Legal Aspects of IPOs in Russia in 2008

UnknownAlexander Klochkov, Partner / DLA Piper, Moscow
A dark cloud hangs over the international debt and equity markets from the credit crunch and recent political developments, but many Russian companies are still considering an IPO as one of their strategic goals.

Due to investors becoming more selective, it is important to structure the business and the issuer's internal procedures based on best practices. An IPO in Russia is usually preceded by meticulous and considerable legal restructuring, legal separation of major shareholders' transactions from the company's business, implementation of appropriate corporate governance principles and bringing financial statements into compliance with international standards. For a company to be successful in the public market it is very important to discover and mitigate potential legal risks and to have a well-thought-out strategy that can be legally implemented. At the preparation stage, legal aspects are one of the decisive factors determining the jurisdiction and stock exchange for the listing.

Moreover, in May 2008, a new law regulating foreign investments in commercial organizations of strategic importance for Russian national defence and state security came into force. This law is already having a significant impact on transactions and IPO plans of companies operating in such strategic sectors in Russia. Potentially, it can affect not only foreign "controlling" investors, but also foreign and Russian minority investors, because non-compliance of the foreign "controlling" shareholder can lead to invalidation of the day-to-day business transactions of Russian issuers.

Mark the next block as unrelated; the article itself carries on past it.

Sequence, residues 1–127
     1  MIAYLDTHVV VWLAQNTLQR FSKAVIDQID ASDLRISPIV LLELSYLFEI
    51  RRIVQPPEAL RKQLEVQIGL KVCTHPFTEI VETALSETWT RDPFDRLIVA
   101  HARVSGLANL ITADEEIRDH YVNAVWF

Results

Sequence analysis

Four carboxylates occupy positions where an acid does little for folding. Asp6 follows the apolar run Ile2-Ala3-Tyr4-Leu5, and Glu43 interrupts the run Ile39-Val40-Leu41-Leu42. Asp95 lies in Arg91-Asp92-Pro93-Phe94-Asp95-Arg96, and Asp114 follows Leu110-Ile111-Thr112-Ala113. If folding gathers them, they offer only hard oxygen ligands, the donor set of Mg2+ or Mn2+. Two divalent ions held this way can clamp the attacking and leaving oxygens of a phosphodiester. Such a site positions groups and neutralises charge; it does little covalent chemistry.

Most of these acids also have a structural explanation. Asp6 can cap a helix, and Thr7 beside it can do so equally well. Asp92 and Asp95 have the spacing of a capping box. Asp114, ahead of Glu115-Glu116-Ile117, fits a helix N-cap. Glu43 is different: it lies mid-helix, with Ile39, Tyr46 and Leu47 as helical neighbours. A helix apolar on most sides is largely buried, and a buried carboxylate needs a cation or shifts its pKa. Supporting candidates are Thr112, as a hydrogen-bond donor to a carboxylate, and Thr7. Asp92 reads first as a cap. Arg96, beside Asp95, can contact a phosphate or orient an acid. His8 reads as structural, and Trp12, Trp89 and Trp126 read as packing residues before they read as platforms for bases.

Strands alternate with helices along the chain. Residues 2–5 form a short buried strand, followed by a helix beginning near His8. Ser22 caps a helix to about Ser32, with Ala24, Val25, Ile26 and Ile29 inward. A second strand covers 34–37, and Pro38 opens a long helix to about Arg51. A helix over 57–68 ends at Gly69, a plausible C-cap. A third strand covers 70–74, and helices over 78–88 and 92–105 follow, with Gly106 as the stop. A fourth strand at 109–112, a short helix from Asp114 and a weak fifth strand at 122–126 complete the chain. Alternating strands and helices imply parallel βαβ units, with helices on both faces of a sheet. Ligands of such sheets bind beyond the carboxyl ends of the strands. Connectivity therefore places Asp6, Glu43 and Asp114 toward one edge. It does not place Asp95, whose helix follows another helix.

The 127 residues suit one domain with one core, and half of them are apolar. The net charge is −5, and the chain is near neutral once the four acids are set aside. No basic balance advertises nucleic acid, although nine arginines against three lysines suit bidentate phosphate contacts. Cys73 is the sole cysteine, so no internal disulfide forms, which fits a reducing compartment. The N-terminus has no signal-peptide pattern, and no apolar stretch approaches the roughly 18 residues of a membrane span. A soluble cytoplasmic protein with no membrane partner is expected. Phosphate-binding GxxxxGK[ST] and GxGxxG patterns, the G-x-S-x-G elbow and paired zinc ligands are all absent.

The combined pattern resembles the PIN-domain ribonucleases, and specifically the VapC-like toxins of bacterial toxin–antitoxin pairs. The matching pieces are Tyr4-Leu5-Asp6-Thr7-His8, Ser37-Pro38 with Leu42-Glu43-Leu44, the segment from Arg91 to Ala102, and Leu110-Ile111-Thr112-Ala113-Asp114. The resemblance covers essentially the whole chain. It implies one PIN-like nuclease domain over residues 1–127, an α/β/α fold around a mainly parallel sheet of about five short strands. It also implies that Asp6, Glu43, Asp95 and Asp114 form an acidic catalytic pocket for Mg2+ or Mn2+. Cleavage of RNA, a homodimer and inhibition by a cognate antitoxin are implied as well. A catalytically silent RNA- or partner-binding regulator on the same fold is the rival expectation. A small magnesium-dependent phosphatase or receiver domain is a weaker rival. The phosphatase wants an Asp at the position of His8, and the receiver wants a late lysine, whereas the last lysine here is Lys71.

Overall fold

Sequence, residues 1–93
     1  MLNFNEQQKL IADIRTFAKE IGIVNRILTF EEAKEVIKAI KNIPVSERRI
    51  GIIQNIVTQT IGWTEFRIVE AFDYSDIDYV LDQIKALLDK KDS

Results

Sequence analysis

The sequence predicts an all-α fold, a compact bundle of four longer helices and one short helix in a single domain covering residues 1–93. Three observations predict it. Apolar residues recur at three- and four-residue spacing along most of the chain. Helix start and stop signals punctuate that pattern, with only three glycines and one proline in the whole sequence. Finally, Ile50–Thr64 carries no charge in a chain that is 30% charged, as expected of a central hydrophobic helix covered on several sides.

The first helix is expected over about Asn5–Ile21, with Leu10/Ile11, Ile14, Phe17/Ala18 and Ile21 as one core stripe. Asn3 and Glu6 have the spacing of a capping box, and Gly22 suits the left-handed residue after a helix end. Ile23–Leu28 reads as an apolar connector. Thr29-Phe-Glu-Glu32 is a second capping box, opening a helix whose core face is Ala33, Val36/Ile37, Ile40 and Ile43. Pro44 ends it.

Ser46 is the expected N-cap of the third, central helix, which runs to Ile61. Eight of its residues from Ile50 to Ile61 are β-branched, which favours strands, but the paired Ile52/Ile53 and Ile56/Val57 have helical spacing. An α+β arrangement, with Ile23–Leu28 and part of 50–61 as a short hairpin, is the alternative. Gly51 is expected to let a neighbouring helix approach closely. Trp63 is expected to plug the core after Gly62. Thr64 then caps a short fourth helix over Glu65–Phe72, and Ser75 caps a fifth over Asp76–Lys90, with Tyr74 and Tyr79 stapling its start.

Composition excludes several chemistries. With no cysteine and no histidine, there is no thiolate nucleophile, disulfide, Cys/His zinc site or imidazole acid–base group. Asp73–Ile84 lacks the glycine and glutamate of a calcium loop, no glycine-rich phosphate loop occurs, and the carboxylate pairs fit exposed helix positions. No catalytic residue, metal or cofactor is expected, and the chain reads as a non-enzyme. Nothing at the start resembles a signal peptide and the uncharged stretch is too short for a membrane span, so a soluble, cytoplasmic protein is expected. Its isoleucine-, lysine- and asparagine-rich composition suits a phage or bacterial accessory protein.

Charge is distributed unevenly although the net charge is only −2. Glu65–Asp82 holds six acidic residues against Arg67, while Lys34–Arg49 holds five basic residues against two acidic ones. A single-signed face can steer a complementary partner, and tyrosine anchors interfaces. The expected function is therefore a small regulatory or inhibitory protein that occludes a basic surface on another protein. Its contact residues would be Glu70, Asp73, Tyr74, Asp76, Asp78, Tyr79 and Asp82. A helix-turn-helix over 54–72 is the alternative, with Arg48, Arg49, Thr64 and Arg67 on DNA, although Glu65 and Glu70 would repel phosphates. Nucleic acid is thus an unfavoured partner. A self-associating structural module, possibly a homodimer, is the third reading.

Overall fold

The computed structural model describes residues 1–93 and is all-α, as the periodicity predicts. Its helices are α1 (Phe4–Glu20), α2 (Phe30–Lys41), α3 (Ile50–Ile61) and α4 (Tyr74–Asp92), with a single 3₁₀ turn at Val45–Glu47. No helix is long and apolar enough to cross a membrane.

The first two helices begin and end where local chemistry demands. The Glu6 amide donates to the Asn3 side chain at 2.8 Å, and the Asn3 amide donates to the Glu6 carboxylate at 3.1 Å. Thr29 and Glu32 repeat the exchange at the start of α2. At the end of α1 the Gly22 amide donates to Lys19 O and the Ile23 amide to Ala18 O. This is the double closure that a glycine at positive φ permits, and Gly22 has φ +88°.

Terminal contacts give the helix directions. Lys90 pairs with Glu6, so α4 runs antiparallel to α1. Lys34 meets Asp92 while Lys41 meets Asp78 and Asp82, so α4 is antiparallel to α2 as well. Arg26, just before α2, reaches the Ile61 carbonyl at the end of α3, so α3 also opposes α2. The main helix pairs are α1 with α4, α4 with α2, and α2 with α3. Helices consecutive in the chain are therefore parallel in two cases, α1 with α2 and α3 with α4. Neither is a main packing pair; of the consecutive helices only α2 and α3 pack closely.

Tax considerations are important for any Russian IPO and any public company. A public company in Russia cannot afford to use tax optimization schemes that might be acceptable for some private businesses. In addition, consolidation of operating businesses and assets under an IPO vehicle requires a thorough tax analysis to mitigate any past risks and to avoid any negative tax consequences for the public company in the future. In many cases, the choice of jurisdiction for an IPO vehicle is driven by tax considerations.

Generally, legal and tax risks are perceived to be much higher in Russia than in countries with established market economies. The government is putting considerable efforts into developing the Russian capital market. Nevertheless, the Russian legal environment for IPOs requires significant reformation. In particular, the general disclosure principles, as well as the registration and prospectus requirements have to be carefully revised. The modern IPO is not just about selling shares to raise money from investors. In exchange for the investors' money, the issuers, as public companies, are supposed to disclose financial results and all other information which is material to an investor's decision to invest or which is necessary to prevent disclosures from being misleading or deceptive. After the IPO, public companies should also provide such information on an ongoing basis. Fair and reliable information about operations of public companies helps to correctly assess the issuer's business, its competitors, the industry and eventually allow an assessment of the economy, the country and its place in the world.